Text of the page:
The movement for a cultural boycott of Israel in response to its treatment of the Palestinians, modelled on the boycott of apartheid South Africa, could eclipse decades of disingenuous political charades in engaging western intellectuals, academics and artists. Internationally renowned figures such as Naomi Klein and Ken Loach have supported the call, and now one of Britain’s most successful bands, Massive Attack, is publicly backing the boycott.
“I’ve always felt that it’s the only way forward,” Robert Del Naja, the band’s lead singer, tells me when we meet at the Lazarides gallery in Fitzrovia, London. Del Naja is an artist as well as musician and his face and fingers are speckled with paint. Dozens of his pictures are strewn
all over the wooden floorboards, drying. “It’s a system that’s been applied to many countries. It’s a good thing to aim for because it applies the continual pressure that’s needed.”
Musicians have a history of rallying the public to supporting political causes. The global anti-apartheid movement got the fillip it desperately needed when musicians began supporting it. The single “Sun City” by Artists United Against Apartheid in 1985 and the 70th-birthday tribute concert for Nelson Mandela at Wembley in 1988 catapulted the cause into millions of ordinary homes.
“I think musicians have a major role to play,” Del Naja says. “I find the more I get involved, the more the movement becomes something tangible. I remember going to ‘Artists Against Apartheid’ gigs, and ‘Rock Against Racism’ gigs around the same sort of time. Bands like the Clash and the Specials had a lot to do with influencing the minds of the youth in those days.” Those formative experiences are still evident in Massive Attack’s outlook today. A typical gig by the band is a blistering fusion of music with political messages and statistics flashed up on video screens, while the band regularly lends support to humanitarian causes.
Calls for a boycott were first issued five years ago by the Palestinian Campaign for the Academic and Cultural Boycott of Israel, but a series of developments beginning with the Gaza war in winter 2008-2009 have led to rising support for the campaign. After Israel’s deadly raid on the Gaza Freedom Flotilla in May this year, a number of leading artists, including the Pixies, Elvis Costello and Gorillaz, cancelled concerts in Israel. In August, 150 Irish visual artists also pledged not to exhibit in Israel, but it is musicians who have been the most prominent international supporters of the boycott.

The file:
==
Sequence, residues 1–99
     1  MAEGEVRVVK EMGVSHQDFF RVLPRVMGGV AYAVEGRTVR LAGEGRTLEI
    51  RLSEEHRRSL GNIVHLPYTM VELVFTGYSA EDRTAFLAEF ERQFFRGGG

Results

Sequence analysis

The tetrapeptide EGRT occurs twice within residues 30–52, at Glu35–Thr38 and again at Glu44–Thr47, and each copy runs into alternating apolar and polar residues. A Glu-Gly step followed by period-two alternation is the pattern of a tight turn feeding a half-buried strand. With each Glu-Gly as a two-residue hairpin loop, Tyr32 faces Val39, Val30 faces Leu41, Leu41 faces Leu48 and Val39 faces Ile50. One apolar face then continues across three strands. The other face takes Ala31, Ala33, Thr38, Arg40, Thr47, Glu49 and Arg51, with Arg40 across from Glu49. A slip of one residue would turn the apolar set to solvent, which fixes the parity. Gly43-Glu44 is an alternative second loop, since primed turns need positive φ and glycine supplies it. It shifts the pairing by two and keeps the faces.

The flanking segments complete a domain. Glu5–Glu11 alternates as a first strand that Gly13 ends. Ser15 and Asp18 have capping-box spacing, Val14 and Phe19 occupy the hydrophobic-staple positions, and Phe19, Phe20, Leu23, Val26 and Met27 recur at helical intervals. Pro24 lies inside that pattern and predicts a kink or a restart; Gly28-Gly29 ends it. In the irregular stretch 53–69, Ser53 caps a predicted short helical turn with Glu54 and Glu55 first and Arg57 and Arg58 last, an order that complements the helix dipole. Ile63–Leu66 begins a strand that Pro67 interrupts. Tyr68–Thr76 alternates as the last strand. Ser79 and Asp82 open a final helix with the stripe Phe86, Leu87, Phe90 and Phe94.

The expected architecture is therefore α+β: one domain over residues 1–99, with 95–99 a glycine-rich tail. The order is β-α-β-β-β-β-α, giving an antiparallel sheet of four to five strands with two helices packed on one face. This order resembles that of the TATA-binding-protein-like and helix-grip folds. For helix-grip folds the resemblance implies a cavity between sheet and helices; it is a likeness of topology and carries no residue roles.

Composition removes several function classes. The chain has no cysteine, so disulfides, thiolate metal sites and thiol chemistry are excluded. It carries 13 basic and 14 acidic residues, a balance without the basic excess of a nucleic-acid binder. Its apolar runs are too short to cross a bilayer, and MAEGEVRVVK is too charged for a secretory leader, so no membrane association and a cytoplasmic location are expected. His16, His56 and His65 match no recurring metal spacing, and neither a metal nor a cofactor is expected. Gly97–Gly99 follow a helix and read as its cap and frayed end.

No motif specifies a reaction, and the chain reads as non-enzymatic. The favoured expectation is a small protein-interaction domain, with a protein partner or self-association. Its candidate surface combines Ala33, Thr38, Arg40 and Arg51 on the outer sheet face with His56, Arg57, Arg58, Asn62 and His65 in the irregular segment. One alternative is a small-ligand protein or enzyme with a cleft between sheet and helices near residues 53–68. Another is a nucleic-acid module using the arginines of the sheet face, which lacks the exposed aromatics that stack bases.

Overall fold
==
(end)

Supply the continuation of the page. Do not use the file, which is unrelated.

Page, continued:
Their views are not unanimous, however. Other musicians, from Elton John and Diana Krall (Costello’s wife) to Placebo and John Lydon, have refused to cancel concert dates in Israel. Some have insisted that engagement with Israel is more productive – a stance that Del Naja rejects. “We were asked to play Israel and we refused,” he says. “The question was asked: ‘If you don’t play there, how can you go there and change things?’ I said: ‘Listen, I can’t play in Israel when the Palestinians have no access to the same fundamental benefits that the Israelis do.’ I think the best approach is to boycott a government that seems hell-bent on very destructive policies. And it’s sad, because we’ve met some great people in Israel, and it’s a difficult decision to have to make.”
Beyond the arts world, an increasing number of trade unions, student unions and churches are signing up to the Boycott, Divestment and Sanctions (BDS) movement. Even an Israel-based group, Boycott from Within, backs the campaign, stating that its government’s “political agenda will change only when the price of continuing the status quo becomes too high . . . because the current levels of apathy in our society render this move necessary”.
“We are not going to achieve a quick liberation,” Del Naja concedes, but says the point is to apply “pressure, the continual pressure that’s needed”. And the threat of international isolation and economic repercussions is clearly starting to bite: Israel’s parliament, the Knesset, recently passed the first reading of a bill that would impose heavy fines on Israeli citizens who initiate or support boycotts against Israel, and a bill to bar foreigners – like Del Naja – who do the same from entering Israel for ten years.
“The boycott is not an action of aggression towards the Israeli people,” he says. “It’s towards the government and its policies. Everyone needs to be reminded of this because it’s very easy to be accused of being anti-Semitic, and that’s not what this is about.”
William Parry’s “Against the Wall: the Art of Resistance in Palestine” is published by Pluto Press (£14.99)